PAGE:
12.10.21
Jason Rebholz

CISO Update: What We Know About the Log4j Vulnerability

Updated Monday December 13, 10:45 am ET

On December 10, 2021, Apache published details of the CVE-2021-44228 vulnerability in the Log4j utility — an open source Java package managed by Apache. For background, the Log4j utility is a popular logging package that many applications use. With many applications, as users interact with it, the application will log the various actions that are taking place. This is useful for when administrators need to troubleshoot the application or system.

📌 Interested in learning more about our Log4j vulnerability discovery tool or looking for the latest updates? See the bottom of this page for more info on our Log4j resources. 

What’s the Expected Impact of the Log4j Vulnerability? 

The vulnerability that was published occurs when a specific series of characters are logged with the Log4j logging package. Knowing how web applications work and log-specific activity, threat actors have identified ways to configure web requests to web applications that include the specific set of characters. When that happens, the threat actors are able to execute commands and gain control of the server.

This might seem par for the course. You'd be forgiven for thinking, “oh great, just another vulnerability to deal with. I’ll follow my patching best practices and call it a day."

Not so fast. Here’s the issue. There are a lot of applications that use the vulnerable logging package. Not only do you need to be concerned with your own applications, but also any third party applications you are using that might be storing your data or have access into your environment. Suffice to say, we are in the first inning of a very long ball game where new vendors will be coming forward with new patches for you to apply.

Early indications are calling this one of the greatest Internet vulnerabilities in the last seven years (anyone remember Heartbleed or ShellShock?).

In other words, this is a big deal and should be taken as such. Working exploit code is already public. Threat actors are already scanning the Internet for vulnerable systems. It is only a matter of time before that access is turned into other forms of malicious activity, such as deploying ransomware.

What Are the Next Steps in Dealing with Log4j Vulnerability?

Step 1: Assess Your Internally Developed Applications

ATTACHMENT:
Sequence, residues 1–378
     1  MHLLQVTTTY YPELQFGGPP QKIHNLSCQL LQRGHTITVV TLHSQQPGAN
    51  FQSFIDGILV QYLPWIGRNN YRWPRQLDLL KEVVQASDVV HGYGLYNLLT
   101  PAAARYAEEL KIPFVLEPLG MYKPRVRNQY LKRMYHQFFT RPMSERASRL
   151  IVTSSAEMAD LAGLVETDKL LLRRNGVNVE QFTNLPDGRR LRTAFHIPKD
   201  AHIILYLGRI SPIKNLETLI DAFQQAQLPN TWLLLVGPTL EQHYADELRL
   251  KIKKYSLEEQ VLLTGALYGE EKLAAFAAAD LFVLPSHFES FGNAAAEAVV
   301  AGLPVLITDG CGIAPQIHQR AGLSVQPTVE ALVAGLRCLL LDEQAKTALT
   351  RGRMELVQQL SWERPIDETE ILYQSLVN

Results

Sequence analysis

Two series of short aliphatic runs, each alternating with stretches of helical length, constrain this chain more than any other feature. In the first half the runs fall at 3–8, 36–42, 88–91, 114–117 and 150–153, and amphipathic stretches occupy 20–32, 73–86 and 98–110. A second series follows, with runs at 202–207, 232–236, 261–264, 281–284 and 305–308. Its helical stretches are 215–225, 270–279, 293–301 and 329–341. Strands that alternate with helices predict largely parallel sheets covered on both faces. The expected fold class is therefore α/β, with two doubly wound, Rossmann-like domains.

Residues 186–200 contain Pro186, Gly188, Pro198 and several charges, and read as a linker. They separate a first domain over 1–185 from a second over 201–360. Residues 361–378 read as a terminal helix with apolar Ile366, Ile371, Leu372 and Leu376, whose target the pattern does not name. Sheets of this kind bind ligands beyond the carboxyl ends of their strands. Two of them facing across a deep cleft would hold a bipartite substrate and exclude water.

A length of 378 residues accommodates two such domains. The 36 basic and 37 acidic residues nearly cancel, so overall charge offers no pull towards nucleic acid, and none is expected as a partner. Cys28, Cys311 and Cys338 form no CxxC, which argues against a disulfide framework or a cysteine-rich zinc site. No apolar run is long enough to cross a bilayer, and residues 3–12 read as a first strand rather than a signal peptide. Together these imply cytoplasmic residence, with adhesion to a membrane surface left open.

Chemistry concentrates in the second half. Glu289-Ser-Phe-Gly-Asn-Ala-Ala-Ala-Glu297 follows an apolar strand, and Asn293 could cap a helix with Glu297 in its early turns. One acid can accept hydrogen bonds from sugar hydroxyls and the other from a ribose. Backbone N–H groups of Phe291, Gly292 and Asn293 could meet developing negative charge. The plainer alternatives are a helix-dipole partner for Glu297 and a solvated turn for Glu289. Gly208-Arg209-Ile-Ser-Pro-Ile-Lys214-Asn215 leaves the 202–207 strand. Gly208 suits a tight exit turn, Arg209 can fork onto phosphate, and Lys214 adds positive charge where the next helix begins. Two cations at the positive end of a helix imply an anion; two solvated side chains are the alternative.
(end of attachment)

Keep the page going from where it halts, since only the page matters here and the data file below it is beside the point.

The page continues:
If you manage an application or technology stack using the Log4j package:

  1. If you are unsure if your code is vulnerable, the following techniques can be used to determine if you are vulnerable: 
    1. Use the following tool on the suspected systems:
      • https://github.com/mergebase/log4j-detector
    2. Use one of the following commands: 
      • Windows PowerShell: gci 'C:\' -rec -force -include *.jar -ea 0 | foreach {select-string "JndiLookup.class" $_} | select -exp Path
      • Linux: find / 2>/dev/null -regex ".*.jar" -type f | xargs -I{} grep JndiLookup.class "{}"
    3. Search for the file hashes listed here to determine if you are vulnerable.
    4. Leverage the Huntress tool to test for the vulnerability. Note that this will run the exploit on your systems. 
  2. Upgrade to the latest version Log4j v2.15 (this will fix the vulnerability).
  3. If you are using a vulnerable version and cannot upgrade, do one of the following:
    • For releases >=2.10: Set the property “log4j2.formatMsgNoLookups” or “LOG4J_FORMAT_MSG_NO_LOOKUPS” to “true”.
    • For releases 2.0-beta9 to 2.10.0: Remove the JndiLookup class from the classpath. This can be done using the command:
zip -q -d log4j-core-*.jar org/apache/logging/log4j/core/lookup/JndiLookup.class

 

Additional information on mitigations is available here.

Step 2: Assess Third-Party Products

  1. Catalog all third-party applications and technology.

  2. Verify whether each one is vulnerable.

    1. This resource contains aggregated vendor statements. If your product is listed, verify whether it is vulnerable. If it is not listed, review the vendor’s website or contact them to determine if they are vulnerable.
  3. Follow the vendor-provided guidance on patching or mitigation. Many impacted vendors have or will release updates in the coming days to address this vulnerability. Just as important as checking your own applications is keeping up with vendor updates.

Step 3: Secure, Monitor, and Investigate

  1. Ensure your network security technology is blocking all known indicators for this vulnerability.

    1. If you leverage a web application firewall, validate with the vendor that they have signatures to protect against the vulnerability.
  2. Ensure EDR technology is running on all servers.

  3. Investigate systems to determine if they are impacted:

    1. The following tool can be used to determine if the system has potentially been compromised: https://github.com/Neo23x0/log4shell-detector
  4. Monitor log files for the string "{jndi". This represents scanning activity which could lead to the compromise of the system. Detection techniques are available here.

    1. Review systems for suspicious outbound communication.
    2. Review systems for the installation of malicious files. This could include scripts, webshells, or executable files.

 

More Log4j Resources from Corvus

Additional Resources on Log4j 

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